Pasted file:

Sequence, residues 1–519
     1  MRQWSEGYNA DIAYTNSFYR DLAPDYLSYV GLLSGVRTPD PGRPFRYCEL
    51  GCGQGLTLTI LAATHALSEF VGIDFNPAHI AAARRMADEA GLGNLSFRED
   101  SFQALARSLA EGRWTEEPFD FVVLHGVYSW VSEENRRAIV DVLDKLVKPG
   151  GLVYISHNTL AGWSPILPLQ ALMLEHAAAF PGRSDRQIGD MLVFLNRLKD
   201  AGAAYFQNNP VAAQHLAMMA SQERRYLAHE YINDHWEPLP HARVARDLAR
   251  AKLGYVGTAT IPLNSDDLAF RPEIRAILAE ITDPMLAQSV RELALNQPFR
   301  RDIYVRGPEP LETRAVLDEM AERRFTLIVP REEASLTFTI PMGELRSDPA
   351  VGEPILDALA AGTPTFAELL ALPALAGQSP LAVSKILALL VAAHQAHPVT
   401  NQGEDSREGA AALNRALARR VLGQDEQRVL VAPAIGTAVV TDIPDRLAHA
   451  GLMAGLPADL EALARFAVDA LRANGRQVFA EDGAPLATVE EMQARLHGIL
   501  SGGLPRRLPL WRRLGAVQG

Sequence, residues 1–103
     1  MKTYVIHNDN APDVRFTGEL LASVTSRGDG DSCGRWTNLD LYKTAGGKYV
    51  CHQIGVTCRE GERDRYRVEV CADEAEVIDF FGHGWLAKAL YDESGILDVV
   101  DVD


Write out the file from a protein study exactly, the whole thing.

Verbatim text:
Sequence, residues 1–519
     1  MRQWSEGYNA DIAYTNSFYR DLAPDYLSYV GLLSGVRTPD PGRPFRYCEL
    51  GCGQGLTLTI LAATHALSEF VGIDFNPAHI AAARRMADEA GLGNLSFRED
   101  SFQALARSLA EGRWTEEPFD FVVLHGVYSW VSEENRRAIV DVLDKLVKPG
   151  GLVYISHNTL AGWSPILPLQ ALMLEHAAAF PGRSDRQIGD MLVFLNRLKD
   201  AGAAYFQNNP VAAQHLAMMA SQERRYLAHE YINDHWEPLP HARVARDLAR
   251  AKLGYVGTAT IPLNSDDLAF RPEIRAILAE ITDPMLAQSV RELALNQPFR
   301  RDIYVRGPEP LETRAVLDEM AERRFTLIVP REEASLTFTI PMGELRSDPA
   351  VGEPILDALA AGTPTFAELL ALPALAGQSP LAVSKILALL VAAHQAHPVT
   401  NQGEDSREGA AALNRALARR VLGQDEQRVL VAPAIGTAVV TDIPDRLAHA
   451  GLMAGLPADL EALARFAVDA LRANGRQVFA EDGAPLATVE EMQARLHGIL
   501  SGGLPRRLPL WRRLGAVQG

Sequence, residues 1–103
     1  MKTYVIHNDN APDVRFTGEL LASVTSRGDG DSCGRWTNLD LYKTAGGKYV
    51  CHQIGVTCRE GERDRYRVEV CADEAEVIDF FGHGWLAKAL YDESGILDVV
   101  DVD